Biopiracy: Agribusiness Moves to Slowly Crush Independent Farmers
India outraged as US company wins patents on rice
Here are excerpts from an article that recently appeared in the Guardian, the United Kingdom's best newspaper.
by Luke HardingThe decision to give an American company patents on three strains of basmati rice has provoked an uproar in India, where angry MPs have disrupted parliament and accused the fragile government of selling out to foreign interests.
The US patent and trademark office has granted three patents to RiceTec of Texas. Four years ago RiceTec made sweeping attempts to register basmati as a trademark, but later it withdrew several of its patent applications in the face of overwhelming opposition.
But last week the patent office allowed the same company to register three hybrid versions of basmati - Texmati, Jasmati and Kasmati. It produced the varieties by crossbreeding basmati seed with American long-grain rice. RiceTec was also given permission to claim that its brands are "superior to basmati".
The ruling has caused consternation in India, where basmati rice has been growing for centuries in the foothills of the Himalayas. Basmati, which is long grained, soft textured and has an aromatic flavour, is exported in huge quantities to Britain from India and Pakistan.
The Indian government insisted yesterday that the ruling would not immediately affect India's lucrative basmati exports to America. But other campaigners say the case shows how western corporations are using the World Trade Organisation's oppressive patent laws to exploit poor farmers in the developing world.
The British charity ActionAid said: "There is growing concern that corporations are taking advantage of traditional Indian crops developed over thousands of years by farmers, without any recompense for the poor people who do all the work.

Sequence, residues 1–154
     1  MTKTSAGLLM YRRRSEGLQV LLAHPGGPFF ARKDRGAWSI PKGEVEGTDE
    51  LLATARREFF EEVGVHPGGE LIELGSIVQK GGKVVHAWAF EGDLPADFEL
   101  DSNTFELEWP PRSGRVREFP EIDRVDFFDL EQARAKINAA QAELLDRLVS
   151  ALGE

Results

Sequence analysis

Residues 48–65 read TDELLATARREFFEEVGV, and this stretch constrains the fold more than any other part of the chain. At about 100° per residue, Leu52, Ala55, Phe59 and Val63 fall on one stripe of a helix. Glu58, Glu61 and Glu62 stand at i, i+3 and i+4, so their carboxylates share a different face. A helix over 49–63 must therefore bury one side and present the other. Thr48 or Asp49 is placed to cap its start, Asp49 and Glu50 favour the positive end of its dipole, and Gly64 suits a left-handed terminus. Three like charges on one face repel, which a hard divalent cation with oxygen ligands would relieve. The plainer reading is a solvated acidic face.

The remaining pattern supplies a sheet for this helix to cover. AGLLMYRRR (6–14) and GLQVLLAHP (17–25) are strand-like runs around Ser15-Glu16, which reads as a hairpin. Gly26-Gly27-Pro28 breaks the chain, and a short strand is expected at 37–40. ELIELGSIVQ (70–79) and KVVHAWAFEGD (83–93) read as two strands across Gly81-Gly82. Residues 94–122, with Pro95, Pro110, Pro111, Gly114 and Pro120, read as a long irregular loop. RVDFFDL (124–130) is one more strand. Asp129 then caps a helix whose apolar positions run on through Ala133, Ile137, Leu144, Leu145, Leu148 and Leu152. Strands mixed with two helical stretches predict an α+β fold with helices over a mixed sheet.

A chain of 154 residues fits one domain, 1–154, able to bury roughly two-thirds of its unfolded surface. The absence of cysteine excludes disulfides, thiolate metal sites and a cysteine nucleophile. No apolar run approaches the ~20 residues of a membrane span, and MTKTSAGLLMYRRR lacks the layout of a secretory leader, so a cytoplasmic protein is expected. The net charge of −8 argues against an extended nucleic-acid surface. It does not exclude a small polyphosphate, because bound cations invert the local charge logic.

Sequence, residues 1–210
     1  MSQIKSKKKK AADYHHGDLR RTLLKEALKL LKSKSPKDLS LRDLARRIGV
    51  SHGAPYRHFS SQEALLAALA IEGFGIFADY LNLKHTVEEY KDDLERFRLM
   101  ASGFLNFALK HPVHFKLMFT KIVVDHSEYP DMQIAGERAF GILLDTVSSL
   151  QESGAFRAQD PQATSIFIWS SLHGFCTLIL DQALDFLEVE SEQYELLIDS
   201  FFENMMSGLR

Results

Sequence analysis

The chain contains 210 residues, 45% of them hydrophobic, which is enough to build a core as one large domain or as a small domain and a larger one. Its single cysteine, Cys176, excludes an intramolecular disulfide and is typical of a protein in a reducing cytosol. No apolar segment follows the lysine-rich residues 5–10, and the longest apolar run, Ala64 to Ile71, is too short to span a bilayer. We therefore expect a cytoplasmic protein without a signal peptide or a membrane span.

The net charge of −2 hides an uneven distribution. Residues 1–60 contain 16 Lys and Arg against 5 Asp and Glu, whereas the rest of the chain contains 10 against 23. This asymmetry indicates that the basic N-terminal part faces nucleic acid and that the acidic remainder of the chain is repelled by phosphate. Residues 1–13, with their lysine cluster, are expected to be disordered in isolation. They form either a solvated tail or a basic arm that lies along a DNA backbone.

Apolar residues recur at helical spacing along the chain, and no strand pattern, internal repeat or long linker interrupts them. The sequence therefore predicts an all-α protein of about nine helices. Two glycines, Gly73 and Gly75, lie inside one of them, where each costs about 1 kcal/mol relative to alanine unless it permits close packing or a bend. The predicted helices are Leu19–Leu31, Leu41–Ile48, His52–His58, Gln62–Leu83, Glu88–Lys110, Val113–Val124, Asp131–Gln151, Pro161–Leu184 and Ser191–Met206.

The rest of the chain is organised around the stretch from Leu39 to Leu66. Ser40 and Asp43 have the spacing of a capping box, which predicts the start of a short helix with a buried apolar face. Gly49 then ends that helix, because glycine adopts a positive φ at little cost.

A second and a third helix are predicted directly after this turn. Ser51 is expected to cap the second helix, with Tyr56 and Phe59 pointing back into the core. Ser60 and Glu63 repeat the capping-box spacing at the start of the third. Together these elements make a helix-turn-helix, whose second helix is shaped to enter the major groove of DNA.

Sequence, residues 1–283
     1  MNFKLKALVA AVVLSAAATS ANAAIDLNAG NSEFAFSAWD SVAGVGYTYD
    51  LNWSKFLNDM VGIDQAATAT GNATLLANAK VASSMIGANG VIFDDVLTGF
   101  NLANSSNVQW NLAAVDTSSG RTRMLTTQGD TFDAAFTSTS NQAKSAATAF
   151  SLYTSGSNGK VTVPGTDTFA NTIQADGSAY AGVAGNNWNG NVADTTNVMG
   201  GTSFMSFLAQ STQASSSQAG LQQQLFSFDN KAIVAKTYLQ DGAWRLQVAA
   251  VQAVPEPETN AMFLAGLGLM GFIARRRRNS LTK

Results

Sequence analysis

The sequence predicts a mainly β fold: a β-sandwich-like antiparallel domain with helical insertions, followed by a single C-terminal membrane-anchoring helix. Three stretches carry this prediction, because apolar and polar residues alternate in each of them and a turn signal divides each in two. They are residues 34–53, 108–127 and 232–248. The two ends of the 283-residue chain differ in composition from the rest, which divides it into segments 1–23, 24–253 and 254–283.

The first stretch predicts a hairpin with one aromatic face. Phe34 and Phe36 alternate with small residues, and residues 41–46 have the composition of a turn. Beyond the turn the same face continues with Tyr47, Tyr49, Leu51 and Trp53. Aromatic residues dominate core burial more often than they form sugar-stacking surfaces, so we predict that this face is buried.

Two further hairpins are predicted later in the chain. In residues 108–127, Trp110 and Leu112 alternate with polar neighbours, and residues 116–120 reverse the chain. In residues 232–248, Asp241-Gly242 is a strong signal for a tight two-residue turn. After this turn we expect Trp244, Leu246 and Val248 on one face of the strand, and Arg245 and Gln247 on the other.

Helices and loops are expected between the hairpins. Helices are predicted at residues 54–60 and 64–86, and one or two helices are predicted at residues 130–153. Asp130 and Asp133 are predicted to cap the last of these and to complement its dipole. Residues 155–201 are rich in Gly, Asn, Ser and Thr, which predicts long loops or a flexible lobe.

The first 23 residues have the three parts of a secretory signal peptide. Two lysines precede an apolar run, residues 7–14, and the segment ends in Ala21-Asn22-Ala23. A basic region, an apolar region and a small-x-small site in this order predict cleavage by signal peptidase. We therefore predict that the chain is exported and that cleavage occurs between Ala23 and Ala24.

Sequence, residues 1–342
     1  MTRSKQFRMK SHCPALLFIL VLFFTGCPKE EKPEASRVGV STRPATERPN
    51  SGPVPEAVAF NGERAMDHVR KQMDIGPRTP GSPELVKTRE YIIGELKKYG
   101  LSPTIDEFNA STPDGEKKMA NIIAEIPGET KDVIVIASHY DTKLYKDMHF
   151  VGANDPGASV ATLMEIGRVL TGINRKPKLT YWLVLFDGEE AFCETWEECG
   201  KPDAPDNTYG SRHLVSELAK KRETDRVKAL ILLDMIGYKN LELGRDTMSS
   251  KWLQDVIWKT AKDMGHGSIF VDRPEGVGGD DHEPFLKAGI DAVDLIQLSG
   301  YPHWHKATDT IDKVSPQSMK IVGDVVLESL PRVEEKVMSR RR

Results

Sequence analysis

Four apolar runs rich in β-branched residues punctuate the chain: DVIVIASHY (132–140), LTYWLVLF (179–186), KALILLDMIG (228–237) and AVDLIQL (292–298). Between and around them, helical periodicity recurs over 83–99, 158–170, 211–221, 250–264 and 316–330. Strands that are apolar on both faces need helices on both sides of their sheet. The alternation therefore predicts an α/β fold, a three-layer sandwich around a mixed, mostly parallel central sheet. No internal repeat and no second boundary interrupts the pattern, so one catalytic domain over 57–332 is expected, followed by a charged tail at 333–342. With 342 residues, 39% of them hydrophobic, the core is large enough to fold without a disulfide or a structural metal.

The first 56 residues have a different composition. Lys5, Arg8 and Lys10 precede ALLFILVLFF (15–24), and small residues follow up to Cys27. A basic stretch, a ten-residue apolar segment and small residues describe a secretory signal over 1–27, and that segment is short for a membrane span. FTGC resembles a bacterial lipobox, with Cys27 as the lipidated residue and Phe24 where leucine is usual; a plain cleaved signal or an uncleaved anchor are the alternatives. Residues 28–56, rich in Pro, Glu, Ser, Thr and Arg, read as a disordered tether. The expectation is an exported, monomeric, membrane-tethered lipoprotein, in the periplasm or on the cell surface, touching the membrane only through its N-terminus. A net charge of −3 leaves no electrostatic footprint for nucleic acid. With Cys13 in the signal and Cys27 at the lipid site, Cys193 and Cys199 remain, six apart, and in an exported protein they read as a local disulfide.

"We remain concerned that there is a threat to [India's] export markets. The fact is that this company is intent on marketing its basmati and is trying to get it into British supermarkets."
ActionAid has launched a campaign against "bio-piracy" - multinationals taking out patents on crops that grow in poor countries.
India's upper and lower houses have been rocked by the affair. Opposition MPs surged into parliament shouting slogans, forcing an adjournment.
They accused the government, led by Hindu nationalists, of caving in to foreign pressure.
Balbir Punj MP said: "The government has claimed that our losing the basmati case will have no bearing on exports. If it has no bearing on exports why did we fight the case?"
The prime minister, Atal Bihari Vajpayee, has warned that there should be "no misappropriation" of the developing world's "biological and genetic resources".
Yesterday the US patents office confirmed that RiceTec's attempts to patent basmati had been thrown out. RiceTec had argued that basmati was merely a generic term, even though India exports more than six million tons every year.
RiceTec's chief executive said the company had spent 10 years developing its own rice varieties and had filed patents only to protect them. He claimed he was surprised by the "flap" the applications had caused.
This particular case might not be crucial, but it is just one example of a huge upswing in special patent privileges being awarded under suspicious circumstances. Are such special privileges necessary? Should they be granted at no cost to the applicant? How is the free market affected? Share your opinions with others at The Progress Report:
Page One Page Two Archive Discussion Room Letters What's Geoism?